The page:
Over €1bn has been invested on dairy farms since the lifting of quotas. Thanks to the solid profitability from highly efficient dairy farms this investment has been funded through a combination of cashflow and bank finance.

Dairy has been a key sector of growth for Bank of Ireland and we continue to be confident about the future of dairy farming in Ireland. Before considering any expansion a farm should be at optimum efficiency at current output levels. Many farmers will prioritise getting milk in the tank and worry about the infrastructure at a future date.

Whatever investments are prioritised, the long-term commercial and environmental sustainability of the business is paramount. Getting this balance right is key.


Requirements and Considerations when preparing to seek bank funding for expansion

1 Efficiency: Is your existing business at optimum performance in terms of milk solids per cow, calving interval, six week calving rate, grass utilisation? It is vital that the existing business is efficient before considering expansion as more cows don’t necessarily mean more profit. The ICBF Co-op performance reports provide excellent insight to the technical efficiency and output performance of the herd.

2 Financial management: Becomes more important as scale increases especially if taking on increased debt.

3 Banking track record: The bank will want to understand if you have operated your business current account and existing loans within pre agreed limits and repayment schedules.

4 Most recent three years financial accounts: This will give a balanced view on the past financial performance.

5 Business plan: For larger projects, the bank will want to understand where you want to take your business and understand the assumptions around how you plan to get there.

6 Repayment capacity: Having analysed past and projected financials, the bank will calculate your expected repayment ability.

7 Details of existing stock: To understand the genetic profile of the herd (EBI etc.) and how many young stock are on hand to support the planned expansion.

8 Location of existing land and building infrastructure: Are the milking platform and support blocks adequate to sustain the proposed stocking rates? Dependency on leased land will need to be considered along with the duration of the leases.

9 Current farm debt: Having a clear understanding of existing loans and commitments is important to allow the bank to prepare a funding model that works.

10 Living expenses and tax liabilities: The bank understands that the business will need to fund personal living expenses and tax.

\Donal O' Leary

11 Security: Most banks lend up to 70% of the current market value of land. When considering borrowing for your farm, allow sufficient time for the application to be processed and funds to be advanced, which can typically take from one to three months.

12 Milk price: The bank will factor in potentially negative developments that are outside the control of the farm such as a sustained low milk prices or a rise in feed and fertiliser prices. Dairyflex loans from Bank of Ireland through participating co-ops take account of milk price volatility and repayments can be matched to seasonal production volumes.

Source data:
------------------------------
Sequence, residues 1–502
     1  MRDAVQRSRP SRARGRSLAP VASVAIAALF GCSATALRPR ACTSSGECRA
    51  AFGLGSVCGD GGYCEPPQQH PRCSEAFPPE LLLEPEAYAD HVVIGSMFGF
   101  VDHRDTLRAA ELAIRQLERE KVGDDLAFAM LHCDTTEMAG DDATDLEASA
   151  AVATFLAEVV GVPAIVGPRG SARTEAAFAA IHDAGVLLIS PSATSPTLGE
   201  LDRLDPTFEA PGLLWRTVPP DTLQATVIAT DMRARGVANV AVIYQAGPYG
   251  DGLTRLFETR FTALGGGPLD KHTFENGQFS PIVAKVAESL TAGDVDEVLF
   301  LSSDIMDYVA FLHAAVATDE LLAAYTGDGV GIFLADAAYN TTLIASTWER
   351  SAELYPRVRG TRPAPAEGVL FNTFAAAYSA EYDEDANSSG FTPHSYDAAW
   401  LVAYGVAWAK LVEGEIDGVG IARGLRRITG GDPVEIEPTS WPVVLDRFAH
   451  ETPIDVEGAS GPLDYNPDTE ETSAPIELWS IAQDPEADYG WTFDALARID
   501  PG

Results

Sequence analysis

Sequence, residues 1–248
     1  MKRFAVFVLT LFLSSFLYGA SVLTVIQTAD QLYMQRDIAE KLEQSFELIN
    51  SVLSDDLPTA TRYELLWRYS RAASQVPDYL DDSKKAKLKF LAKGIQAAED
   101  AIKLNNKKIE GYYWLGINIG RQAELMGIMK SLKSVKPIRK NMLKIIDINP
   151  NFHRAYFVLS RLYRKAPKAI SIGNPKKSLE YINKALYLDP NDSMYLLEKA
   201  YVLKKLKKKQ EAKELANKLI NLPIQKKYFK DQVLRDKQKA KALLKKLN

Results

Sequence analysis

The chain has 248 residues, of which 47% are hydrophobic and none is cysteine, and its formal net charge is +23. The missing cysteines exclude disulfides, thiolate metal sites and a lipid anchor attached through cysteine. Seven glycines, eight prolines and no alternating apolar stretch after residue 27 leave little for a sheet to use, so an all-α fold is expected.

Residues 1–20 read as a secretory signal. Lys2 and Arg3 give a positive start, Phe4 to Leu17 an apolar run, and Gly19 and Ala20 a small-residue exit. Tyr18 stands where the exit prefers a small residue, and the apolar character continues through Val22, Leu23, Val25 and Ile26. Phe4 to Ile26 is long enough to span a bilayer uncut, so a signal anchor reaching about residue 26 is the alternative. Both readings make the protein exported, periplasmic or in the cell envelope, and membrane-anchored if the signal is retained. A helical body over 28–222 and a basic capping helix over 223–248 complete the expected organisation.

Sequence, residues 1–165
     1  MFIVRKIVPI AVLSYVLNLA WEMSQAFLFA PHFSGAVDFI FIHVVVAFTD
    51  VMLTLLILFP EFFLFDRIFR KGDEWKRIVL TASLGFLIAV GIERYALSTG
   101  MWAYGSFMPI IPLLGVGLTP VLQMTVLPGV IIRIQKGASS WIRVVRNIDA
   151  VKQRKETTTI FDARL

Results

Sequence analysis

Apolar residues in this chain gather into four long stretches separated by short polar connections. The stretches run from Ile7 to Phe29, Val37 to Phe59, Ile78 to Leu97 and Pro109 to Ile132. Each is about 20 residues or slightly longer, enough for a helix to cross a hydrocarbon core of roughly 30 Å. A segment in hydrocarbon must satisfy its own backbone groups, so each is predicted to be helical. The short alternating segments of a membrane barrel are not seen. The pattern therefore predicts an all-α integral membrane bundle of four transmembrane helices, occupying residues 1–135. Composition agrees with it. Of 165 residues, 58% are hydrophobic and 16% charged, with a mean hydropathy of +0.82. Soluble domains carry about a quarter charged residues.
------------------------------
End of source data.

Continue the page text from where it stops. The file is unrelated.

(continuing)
13 Trading structure: With farm companies, the bank will need to understand the flow of funds between the company and its owner. When lending to a farm company, typically the Bank will require a Debenture over the assets of the company supported by a personal guarantee of the directors and a first legal charge on land.

14 Debt structure: The duration of a loan should be aligned with the purpose of the loan:

15 Planning: Budget for at least 10% unforeseen costs when building new facilities. When leasing or buying land, allow additional funds to develop.

16 Manage risks: Consider fixing a portion of your milk supply or fixing interest rates on some debt to reduce volatility in cash flow.

17 Environmental sustainability: What is the overall environmental impact of the plan taking into account factors such as stocking rates, nitrate limits and slurry storage?

18 Farm labour: The proposed labour structure will have to be sustainable and adequately costed into the budget. Your work life balance should always be a consideration.

19 Stakeholders: Get the views of your trusted advisers (family, discussion group, accountant/tax adviser, Teagasc/agri consultant).

20 You and your bank: We want to give farmers peace of mind by providing you greater control over your finances. Earlier this year, we launched FarmPro, a digital financial management and planning service with Ifac to create a simpler lending experience for our shared customers. CL

Bank of Ireland is regulated by the Central Bank of Ireland. Warning: Lending criteria, and terms and conditions apply. Over 18 years only. The cost of your repayments may increase

John Farrell, agricultural development manager, north Leinster, at Bank of Ireland.

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